4 Key Tips for Starting a New Business to Celebrate World Entrepreneurs Day


More than 5 million new businesses were created last year in the U.S., the Census Bureau says, and of those, one-third were launched by first-time entrepreneurs.


Based on statistics from the Census Bureau, which tracks new business applications, that means, on average, almost 14,000 businesses were started each day in 2022, according to a story posted by Bloomberg.


New businesses and entrepreneurs are often lauded for their accomplishments, deservingly for their determination, innovation, and the jobs they create. 


Further, a Kauffman Foundation report says the new jobs created by entrepreneurship are an “indicator of entrepreneurship's potential to provide opportunities for economic stability, mobility, and prosperity for entrepreneurs, the people they employ, and the communities in which they live and work.”


Let World Entrepreneurs Day on August 21 be a reminder to celebrate entrepreneurs everywhere.


Are you an aspiring entrepreneur? Look at these four key tips as you prepare to become a new business owner.


Assess Startup Costs

 You must understand your expenses before starting your business -- doing so will help you launch successfully, notes the U.S. Small Business Administration. “Before your business opens its doors, you'll have bills to pay.”


The SBA says that calculating your startup costs will help you estimate profits, conduct a break-even analysis, secure loans, attract investors, and save money on tax deductions.


While your costs in part will depend on the type of business you’re starting, i.e., brick-and-mortar business, online business, hybrid or service provider, there are a few startup expenses that are commonly incurred, such as equipment and supplies, licenses and permits, office space and utilities, website creation, insurance, and legal and accountant fees.


Some expenses will have well-defined and publicly available costs, such as permits and licenses. For other expenses, you’ll need to research costs — the SBA suggests talking directly to vendors, mentors, and service providers to come up with estimates on those expenses, the agency advises.


To calculate your startup costs, pull out and calculate the “one-time expenses” on your list -- these are the initial costs you’ll need to get set up, such as buying major equipment, hiring a logo designer, and paying for permits, licenses, and fees.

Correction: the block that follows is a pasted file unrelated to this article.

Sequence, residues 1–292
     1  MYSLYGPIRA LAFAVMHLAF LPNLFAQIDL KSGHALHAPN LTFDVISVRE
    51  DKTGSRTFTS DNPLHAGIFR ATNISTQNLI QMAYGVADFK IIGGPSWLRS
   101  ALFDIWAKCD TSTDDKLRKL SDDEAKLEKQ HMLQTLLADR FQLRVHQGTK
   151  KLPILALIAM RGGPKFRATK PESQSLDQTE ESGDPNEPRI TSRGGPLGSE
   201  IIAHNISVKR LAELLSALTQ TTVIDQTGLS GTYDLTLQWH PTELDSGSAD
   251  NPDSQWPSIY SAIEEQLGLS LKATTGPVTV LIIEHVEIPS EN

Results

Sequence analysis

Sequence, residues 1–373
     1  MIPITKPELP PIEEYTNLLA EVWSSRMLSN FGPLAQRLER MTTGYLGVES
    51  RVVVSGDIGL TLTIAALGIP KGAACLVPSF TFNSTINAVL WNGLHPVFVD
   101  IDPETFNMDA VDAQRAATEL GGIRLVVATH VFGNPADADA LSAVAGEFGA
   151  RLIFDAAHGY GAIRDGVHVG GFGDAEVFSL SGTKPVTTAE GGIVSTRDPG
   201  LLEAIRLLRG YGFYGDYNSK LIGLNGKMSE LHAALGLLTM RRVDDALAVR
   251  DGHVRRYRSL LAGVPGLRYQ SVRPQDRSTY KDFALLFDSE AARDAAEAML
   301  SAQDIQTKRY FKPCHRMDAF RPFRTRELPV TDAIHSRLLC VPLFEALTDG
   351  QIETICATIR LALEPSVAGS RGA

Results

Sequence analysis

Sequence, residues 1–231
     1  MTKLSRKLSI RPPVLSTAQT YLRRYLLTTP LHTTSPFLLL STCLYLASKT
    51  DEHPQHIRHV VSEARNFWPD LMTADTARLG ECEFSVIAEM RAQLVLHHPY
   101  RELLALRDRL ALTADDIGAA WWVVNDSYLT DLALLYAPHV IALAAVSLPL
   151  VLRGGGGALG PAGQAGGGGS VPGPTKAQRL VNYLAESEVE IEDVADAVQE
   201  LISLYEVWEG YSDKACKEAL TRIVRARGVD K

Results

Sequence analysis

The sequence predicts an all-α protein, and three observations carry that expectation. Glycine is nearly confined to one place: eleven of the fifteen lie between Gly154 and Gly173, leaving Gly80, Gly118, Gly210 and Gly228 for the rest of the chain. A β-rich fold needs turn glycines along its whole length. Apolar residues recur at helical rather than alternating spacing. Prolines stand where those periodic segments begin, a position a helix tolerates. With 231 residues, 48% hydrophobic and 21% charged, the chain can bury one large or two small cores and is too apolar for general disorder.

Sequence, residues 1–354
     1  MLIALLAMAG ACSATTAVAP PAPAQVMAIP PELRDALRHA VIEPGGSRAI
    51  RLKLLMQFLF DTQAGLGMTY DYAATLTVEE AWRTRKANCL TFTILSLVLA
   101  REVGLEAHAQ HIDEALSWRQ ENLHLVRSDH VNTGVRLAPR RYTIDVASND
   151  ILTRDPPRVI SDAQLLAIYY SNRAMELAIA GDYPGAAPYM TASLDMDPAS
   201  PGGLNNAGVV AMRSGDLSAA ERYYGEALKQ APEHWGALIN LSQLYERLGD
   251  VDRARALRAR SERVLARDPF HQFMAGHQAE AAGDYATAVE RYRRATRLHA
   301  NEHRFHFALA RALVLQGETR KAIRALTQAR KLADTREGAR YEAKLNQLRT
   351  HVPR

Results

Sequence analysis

Get a Business Bank Account

 You’ll want to keep your personal and business finances separate, so open a business bank account.


“The best time to open a business bank account is before you accept the first payment for your company's goods or services,” advises a post by Business News Daily.


A business account adds professionalism to your new business, allowing customers to pay you with debit and credit cards, plus other perks that most personal accounts don’t, such as purchase and 

personal data protection for your customers. 


To open a business banking account, you’ll likely need to present your license to operate and a federal tax identification number -- either an employer identification number (EIN) or a Social Security number if you’re a sole proprietor, plus any personal identification documents.


Get Reliable Business Internet

Having a strong online presence is crucial to every new business — reliable, fast internet paves the way to everything from increased marketing opportunities and productivity to successful sales and growth.


Get high-speed business internet service set up and running to help future-proof your operations. You’ll want a reliable provider that matches your business's startup and future needs — you and your employees can work on multiple devices without lag, and customers get uninterrupted access.


Establish Business Credit

 Establishing business credit from the get-go is a good idea, even if you don’t need financing right now. 


Poor credit history can impact a business loan application in the future, as well as your insurance rates and the attractiveness of your business to potential partners, suppliers, and vendors.

“Establishing and managing business credit can help your company secure financing when you need it and with better terms,” the SBA says. “It can also help you negotiate supply agreements and protect against business identity theft.”

Consider getting a line of credit through your business banking account in case of emergencies or to finance an equipment purchase. A business credit card account is another way to help your business establish credit history. 

Also, you might want to register for a Dun & Bradstreet number or DUNS number, which is free. It’s a unique identifier that some lenders and potential business partners use to check your business’s credit profile.

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